• Assessment: AI has the potential to be transformative in this area of teaching and learning. Dr. Spencer believes, “It will automate a lot of the aspects of assessment that have a high percentage of user error.” It may soon be used to conduct fluency screenings with voice recognition, automate repetitive grading tasks, diagnose math errors, diagnostically screen student work, facilitate self-reflection and metacognitive thinking, and more. He adds, “On a basic level, it seems to be another set of eyes.”
  • Cheating vs. Scaffolding: One approach to this challenge is to have students identify how they are using AI in their work. For instance, they might color-code what’s AI-generated from what they created from scratch. This approach allows the use of AI while leaning on transparency, truth, and trust.
  • Personalized Learning vs. Adaptive Technology: Dr. Spencer says, “In beginning with the person, it’s focused on their curiosity, their questions, their interests, rather than students going through a program where everything is set for them and based on their answers. It just modifies it and changes it because [with] adaptive learning, basically, the student is invisible. They’re using the same algorithms for all students. They don’t really adapt to the individual students, whereas personalized learning says, ‘Look, who you are matters. Your voice matters, your curiosity matters, and we’re going to design it in a way that centers it on who you are as a person and on the relationship we have with our students.’ It’s messier. It’s harder, but I think what it does is it takes the notion of personalized learning, which in the past was often really hard to accomplish, and it just makes it that much more feasible.”
  • AI in the Classroom: Dr. Spencer shares, “I’m imagining myself using it on a daily basis, but the bizarre thing is that if you walk into the classroom, so much of what you see is going to look a lot like the PBL-style [of] teaching that I did at the time, so it’s really just kind of happening, in many respects, under the hood.” He would use it in learning centers for students to ask questions, to facilitate imaginary conversations with historical figures, in creating checklists for project management, for scaffolding content, for creating leveled materials, and more.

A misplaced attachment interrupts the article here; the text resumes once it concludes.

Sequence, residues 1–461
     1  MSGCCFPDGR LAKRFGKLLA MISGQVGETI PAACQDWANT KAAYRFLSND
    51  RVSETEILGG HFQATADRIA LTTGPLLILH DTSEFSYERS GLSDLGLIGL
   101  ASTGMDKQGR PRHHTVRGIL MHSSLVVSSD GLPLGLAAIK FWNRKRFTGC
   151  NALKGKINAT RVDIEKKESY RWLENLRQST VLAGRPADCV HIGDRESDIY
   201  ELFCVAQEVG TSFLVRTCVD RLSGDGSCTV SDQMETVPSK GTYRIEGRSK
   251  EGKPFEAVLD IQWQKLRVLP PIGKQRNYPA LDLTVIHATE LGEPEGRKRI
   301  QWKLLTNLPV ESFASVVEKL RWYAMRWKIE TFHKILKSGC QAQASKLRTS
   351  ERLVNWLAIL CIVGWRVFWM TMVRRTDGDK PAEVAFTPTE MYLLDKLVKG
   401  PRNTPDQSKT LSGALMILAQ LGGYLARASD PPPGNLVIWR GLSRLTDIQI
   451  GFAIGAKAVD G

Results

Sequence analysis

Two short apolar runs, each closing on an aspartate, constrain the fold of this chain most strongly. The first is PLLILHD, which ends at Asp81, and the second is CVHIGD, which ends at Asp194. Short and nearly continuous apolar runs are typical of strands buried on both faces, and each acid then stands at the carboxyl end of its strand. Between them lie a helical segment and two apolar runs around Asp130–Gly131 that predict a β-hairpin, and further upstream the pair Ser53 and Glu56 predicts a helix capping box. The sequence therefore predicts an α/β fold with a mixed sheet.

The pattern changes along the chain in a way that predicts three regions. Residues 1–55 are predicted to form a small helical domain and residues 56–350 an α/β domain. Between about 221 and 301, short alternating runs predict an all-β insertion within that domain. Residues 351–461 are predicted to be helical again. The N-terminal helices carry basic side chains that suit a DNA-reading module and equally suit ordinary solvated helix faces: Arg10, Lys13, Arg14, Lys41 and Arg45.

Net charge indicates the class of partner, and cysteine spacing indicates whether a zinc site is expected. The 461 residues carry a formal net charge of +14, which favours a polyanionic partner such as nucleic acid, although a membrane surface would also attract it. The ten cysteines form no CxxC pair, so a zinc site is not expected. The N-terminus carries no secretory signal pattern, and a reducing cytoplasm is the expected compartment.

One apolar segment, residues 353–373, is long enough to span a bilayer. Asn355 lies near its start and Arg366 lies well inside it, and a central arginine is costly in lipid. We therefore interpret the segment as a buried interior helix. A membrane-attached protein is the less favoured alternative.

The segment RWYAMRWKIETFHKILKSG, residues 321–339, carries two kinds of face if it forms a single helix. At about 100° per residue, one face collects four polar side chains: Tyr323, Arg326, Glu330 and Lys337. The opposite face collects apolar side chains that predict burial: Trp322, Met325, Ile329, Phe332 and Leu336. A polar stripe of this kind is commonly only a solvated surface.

• AI in STEM: In addition to effective uses in a humanities classroom, Dr. Spencer also sees a nice fit in STEM subjects. AI could be used effectively for Q&A, digital modeling, simulations, and virtual labs.
  • FACTS Cycle: Dr. Spencer has formulated a prompt engineering model to help students and teachers effectively engage with generative AI chatbots. His model is called the FACTS Cycle, which stands for: Formulate questions, Acquire AI, Create context, Type a prompt, and Scrutinize results. Information about this model can be found on his website at spencerauther.com/facts-cycle/.

Guiding Questions

If you are listening to the podcast with your instructional team or would like to explore this topic more deeply, here are guiding questions to prompt your reflection:

  • What are your thoughts about the two extreme approaches to AI?
  • How might a blended approach work in your classroom or school?
  • How might you balance the AI dichotomy of cheating vs. scaffolding?
  • How could AI best be used to personalize learning?
  • What role should AI play in student creativity?
  • What would AI look like in your classroom?